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Re: Inadequate documentation of silly characters on screen.

From: Stephen J. Turnbull
Subject: Re: Inadequate documentation of silly characters on screen.
Date: Fri, 20 Nov 2009 12:37:13 +0900

Miles Bader writes:
 > Stefan Monnier <address@hidden> writes:
 > > many strings start as unibyte even though they really should start
 > > right away as multibyte.
 > That seems the fundamental problem here.
 > It seems better to make unibyte strings something that can only be
 > created with some explicit operation.

I don't see why you *need* them at all.  Both pre-Emacs-integration
Mule and XEmacs do fine with a multibyte representation for binary.
Nobody has complained about performance of stream operations since
Kyle Jones and Hrvoje Niksic bitched and we did some measurements in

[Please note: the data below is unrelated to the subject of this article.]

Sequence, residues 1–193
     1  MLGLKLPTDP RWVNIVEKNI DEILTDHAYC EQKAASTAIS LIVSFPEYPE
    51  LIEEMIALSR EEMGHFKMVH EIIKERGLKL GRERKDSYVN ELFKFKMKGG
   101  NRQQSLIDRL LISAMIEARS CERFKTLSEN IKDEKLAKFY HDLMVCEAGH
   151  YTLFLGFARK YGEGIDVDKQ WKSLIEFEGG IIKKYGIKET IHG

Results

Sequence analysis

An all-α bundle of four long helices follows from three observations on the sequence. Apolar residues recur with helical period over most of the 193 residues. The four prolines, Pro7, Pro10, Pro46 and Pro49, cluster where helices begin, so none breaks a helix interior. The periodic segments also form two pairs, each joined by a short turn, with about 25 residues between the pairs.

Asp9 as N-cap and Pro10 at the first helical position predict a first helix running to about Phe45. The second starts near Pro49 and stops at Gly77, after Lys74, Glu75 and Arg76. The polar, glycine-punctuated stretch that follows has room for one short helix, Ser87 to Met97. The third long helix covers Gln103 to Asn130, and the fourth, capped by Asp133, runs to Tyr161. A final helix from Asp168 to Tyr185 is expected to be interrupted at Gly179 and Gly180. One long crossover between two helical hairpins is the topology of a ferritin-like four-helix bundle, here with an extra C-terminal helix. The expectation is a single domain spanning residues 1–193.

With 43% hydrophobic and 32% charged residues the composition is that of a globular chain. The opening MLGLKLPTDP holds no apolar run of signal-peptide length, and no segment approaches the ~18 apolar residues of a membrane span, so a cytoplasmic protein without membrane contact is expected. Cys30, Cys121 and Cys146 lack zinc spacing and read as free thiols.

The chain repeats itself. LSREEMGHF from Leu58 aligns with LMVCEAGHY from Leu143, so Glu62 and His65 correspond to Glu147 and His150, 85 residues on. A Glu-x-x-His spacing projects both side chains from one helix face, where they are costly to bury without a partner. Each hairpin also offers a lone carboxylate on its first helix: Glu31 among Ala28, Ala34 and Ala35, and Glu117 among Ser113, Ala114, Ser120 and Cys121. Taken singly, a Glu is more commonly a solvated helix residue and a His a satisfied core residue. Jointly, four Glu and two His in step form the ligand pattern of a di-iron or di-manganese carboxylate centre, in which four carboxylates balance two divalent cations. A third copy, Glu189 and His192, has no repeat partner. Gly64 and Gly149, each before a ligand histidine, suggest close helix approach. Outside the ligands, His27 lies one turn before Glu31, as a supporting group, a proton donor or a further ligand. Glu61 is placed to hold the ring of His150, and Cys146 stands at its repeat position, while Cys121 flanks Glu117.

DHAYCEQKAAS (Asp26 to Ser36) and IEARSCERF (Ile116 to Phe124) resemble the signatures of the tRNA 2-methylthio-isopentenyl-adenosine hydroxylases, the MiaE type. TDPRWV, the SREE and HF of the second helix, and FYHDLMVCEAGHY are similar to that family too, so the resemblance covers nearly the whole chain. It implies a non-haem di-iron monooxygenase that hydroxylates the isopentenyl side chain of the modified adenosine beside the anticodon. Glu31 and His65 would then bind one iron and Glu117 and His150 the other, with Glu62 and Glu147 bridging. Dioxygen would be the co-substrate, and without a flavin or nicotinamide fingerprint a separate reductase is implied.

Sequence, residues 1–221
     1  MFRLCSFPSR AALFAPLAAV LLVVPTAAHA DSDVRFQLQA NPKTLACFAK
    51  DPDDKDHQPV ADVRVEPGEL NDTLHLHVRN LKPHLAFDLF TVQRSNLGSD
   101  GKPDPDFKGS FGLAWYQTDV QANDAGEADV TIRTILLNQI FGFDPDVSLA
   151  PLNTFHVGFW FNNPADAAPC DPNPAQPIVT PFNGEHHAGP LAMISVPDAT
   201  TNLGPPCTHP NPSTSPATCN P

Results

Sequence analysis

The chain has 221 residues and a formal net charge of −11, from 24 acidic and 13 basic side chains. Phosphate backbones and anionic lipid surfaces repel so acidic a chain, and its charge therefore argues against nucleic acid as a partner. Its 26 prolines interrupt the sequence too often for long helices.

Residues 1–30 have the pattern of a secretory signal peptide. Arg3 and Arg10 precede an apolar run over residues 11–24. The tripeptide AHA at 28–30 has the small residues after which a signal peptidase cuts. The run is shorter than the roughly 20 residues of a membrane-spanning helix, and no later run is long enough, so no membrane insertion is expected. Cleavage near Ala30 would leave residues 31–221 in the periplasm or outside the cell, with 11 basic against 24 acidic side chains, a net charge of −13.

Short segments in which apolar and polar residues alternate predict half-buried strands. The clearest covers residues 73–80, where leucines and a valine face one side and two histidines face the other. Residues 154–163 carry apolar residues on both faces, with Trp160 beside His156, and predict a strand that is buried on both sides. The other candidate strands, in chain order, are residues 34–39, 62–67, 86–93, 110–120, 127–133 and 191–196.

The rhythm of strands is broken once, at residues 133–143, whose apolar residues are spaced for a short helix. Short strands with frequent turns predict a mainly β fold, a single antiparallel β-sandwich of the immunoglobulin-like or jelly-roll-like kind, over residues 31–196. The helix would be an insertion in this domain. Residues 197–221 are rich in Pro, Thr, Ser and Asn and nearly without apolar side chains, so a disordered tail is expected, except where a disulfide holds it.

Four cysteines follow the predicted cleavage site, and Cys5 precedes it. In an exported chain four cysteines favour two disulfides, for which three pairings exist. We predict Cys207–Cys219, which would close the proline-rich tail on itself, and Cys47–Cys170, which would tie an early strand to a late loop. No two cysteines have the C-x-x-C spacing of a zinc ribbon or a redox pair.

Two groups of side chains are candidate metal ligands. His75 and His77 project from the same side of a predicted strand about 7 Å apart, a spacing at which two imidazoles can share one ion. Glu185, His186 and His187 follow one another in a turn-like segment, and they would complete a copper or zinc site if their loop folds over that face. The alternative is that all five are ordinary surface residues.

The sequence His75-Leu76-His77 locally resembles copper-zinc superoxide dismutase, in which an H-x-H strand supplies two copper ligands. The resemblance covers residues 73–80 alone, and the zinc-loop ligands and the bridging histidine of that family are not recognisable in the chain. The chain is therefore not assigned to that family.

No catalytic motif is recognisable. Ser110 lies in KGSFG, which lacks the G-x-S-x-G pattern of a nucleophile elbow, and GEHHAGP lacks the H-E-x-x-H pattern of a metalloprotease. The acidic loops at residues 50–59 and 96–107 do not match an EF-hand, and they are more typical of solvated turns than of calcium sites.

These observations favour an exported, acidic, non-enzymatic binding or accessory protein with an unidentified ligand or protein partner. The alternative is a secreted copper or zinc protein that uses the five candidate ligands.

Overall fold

1998 or so.  It turns out that (as you'd expect) multibyte stream
operations (except Boyer-Moore, which takes no performance hit :-) are
about 50% slower because the representation is about 50% bigger.  But
this is rarely noticable to users.  The noticable performance problems
turned out to be a problem with Unix interfaces, not multibyte.

The performance problem is in array operations, since (without
caching) finding a particular character position is O(position).

If you want to turn Emacs into an engine for general network
programming and the like, yes, it would be good to have a separate
unibyte type.  This is what Python does, but Emacs would not have to
go through the agony of switching from a unibyte representation for
human-readable text to a multibyte representation the way Python does
for Python 3.  In that case, Emacs should not create them without an
explicit operation, and there should be a separate notation such as
#b"this is a unibyte string" (although #b may already be taken?) for

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